A few innings before Randall Delgado’s hit on Andrew’s spine, he had flown through the air for a diving, twisting catch of a line drive. And got up smiling.
Are you going to tell me that a man can put his body through something like that without a problem — and the next day become incapacitated by doing something he has done thousands of times? Swing a bat?
The thing that happened in-between was the pitch, to retaliate for Paul Goldschmidt. Although Cutch said he had little day-after issues other than tightness, it had to impact his normal pregame preparation. His body wasn’t in as fine a tune as normal. Hence, the breakdown.
As for Nick Ahmed batting down Jayson Nix’s double play relay in the 10th — short of going into second waving a tennis racket, that’s as flagrant as interference gets. Even the other Diamondbacks knew it — check the video: They weren’t celebrating, expecting the play to be waved off and the game to continue.
From damnable to inexcusable. Quite a tandem.
I blame Sheriff Joe Arpaio.
There are some things in life that make you go, “Huh?” This was one of them.
Yesterday, Pirates PR guru Dan Hart and I huddled up to try to find out the last time Buccos pitchers had allowed fewer hits in four consecutive games than the 14 they’d given the Phillies and the Cards through Monday.
The Elias Sports Bureau came through with the answer and passed it on to Dan, who walked up to me in the Busch Stadium clubhouse.
“It’s a good nugget. Goes back to your favorite decade,” Dan said.
“No. Go up one. The ‘70s.”
“Oh, I don’t remember anything about the ‘70s,” I said, setting up a trite line still invoked by the California Flower-Power Haight-Ashbury generation. “I was at UCLA then, so that’s all a blur.”
It’s just a throwaway line about acid and being high and missing years in your memory bank.
So … I dig into the dates Elias had passed on to Dan, that Pirates hitters had given up 13 hits in a four-game sequence from June 7-12, 1970.
And the last of those games turns out to be Dock Elllis’ no-hitter against the Padres in San Diego.
Yes, the only he has claimed to have pitched while high on LSD.
The Bucs hosted Faith Night, their most engaging promotion, Thursday. Following the game against the Mets, thousands of fans remained to hear impassioned speeches delivered by, among others, Andrew McCutchen, Mark Melancon and Jason Grilli.
The occasion took me back to the early ‘80s, when the Texas Rangers still played in Arlington Stadium and fans still flocked to Dodger Stadium toting transistor radios — their umbilical cords to Vin Scully since the club’s arrival from Brooklyn in 1958.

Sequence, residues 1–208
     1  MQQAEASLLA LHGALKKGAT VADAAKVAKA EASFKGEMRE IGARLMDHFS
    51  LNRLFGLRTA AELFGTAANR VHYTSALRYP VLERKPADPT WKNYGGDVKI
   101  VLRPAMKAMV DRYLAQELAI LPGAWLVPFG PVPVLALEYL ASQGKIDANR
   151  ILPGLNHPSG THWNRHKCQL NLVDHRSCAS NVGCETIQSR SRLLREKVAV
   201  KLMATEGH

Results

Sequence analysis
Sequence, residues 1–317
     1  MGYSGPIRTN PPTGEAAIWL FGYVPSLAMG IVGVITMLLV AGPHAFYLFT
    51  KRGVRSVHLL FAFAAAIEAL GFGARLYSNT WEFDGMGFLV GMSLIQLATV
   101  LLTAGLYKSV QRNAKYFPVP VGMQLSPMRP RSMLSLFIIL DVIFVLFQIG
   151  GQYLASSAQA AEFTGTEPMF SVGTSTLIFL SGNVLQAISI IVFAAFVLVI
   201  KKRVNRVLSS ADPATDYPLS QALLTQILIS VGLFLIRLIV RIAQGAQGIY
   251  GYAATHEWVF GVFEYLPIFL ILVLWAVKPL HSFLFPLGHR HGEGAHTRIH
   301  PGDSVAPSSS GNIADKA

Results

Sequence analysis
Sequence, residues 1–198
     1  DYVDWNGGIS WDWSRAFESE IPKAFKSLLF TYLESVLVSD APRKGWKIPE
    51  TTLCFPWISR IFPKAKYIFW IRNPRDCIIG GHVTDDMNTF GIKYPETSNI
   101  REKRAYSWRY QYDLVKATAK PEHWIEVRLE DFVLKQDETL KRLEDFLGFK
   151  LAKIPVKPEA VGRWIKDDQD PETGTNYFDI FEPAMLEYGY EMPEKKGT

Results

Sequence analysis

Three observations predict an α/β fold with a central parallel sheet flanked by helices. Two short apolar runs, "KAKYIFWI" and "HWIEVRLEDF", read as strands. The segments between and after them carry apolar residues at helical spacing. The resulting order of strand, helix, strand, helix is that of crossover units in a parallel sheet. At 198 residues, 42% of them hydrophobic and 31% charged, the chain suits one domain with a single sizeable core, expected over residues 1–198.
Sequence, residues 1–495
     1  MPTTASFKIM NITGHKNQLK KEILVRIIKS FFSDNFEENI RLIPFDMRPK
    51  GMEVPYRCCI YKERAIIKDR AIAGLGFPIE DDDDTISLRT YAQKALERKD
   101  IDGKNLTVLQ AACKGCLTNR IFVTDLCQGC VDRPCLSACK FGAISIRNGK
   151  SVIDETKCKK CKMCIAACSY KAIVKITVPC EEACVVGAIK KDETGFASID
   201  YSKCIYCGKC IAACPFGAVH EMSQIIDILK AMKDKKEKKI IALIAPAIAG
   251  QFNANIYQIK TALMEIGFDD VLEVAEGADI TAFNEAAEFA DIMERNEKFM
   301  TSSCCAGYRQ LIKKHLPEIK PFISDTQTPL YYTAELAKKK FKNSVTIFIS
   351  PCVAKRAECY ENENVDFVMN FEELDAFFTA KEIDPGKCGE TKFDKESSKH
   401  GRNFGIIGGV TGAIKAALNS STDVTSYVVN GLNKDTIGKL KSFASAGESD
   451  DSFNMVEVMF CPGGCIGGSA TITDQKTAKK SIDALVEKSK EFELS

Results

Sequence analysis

The Rangers held something similar to a Faith Night. I don’t recall its exact label, but the promotion was that fans showing IDs that authenticated their church affiliation got a $2 discount on tickets.
In town covering the Angels for the Los Angeles Herald-Examiner, I included in my game notes a throwaway line about the Rangers making up that revenue by charging an extra $2 for atheists.
Days later, I was told — that’s how we found out about things before the Internet, social networks, YouTube — that Vin Scully read that note on the air — and 40,000 people in Dodger Stadium roared in laughter.
Having Vin Scully read any words you wrote would be anybody’s life highlight. Qualifies as mine.
I’m glad I don’t have to made the decision. But, if I did, it’d be, “Josh Harrison, grab a bat. Pedro Alvarez, grab some bench.”
Right now, there is no way I would have a lineup that includes Alvarez and not Harrison.
The subject obviously comes up today in St. Petersburg, because Neil Walker comes off the DL. Harrison has been playing his position. Before that, Harrison played right field, now Gregory Polanco’s position.
Well, not so much today as in a couple of days — when the Bucs won’t have a DH to accomodate an extra bat.
Starling Marte getting hit twice by pitches on Monday — the second, a nasty smack on his left wrist — makes me suspect manager Clint Hurdle will have an excuse for making room for both Harrison and Alvarez.
If not, right now I can’t justify playing Alvarez over Harrison, that simple. Alvarez smacked a big three-run homer last night. He picked up his first RBIs since June 7. Since then, Harrison has 8 RBIs. Harrison has laid out at whatever position he he has played, pairing excellent defense with the .308 bat he has carried since becoming a rotating regular.
In addition to keeping Harrison in the Pirates lineup, I would add him to the National League All-Star team, to extend Mike Matheny’s bench. Not so outrageous: Versatility has gotten recent players to the Midsummer Classic (most notably, Ben Zobrist in 2009 ), and Harrison rates as well as any.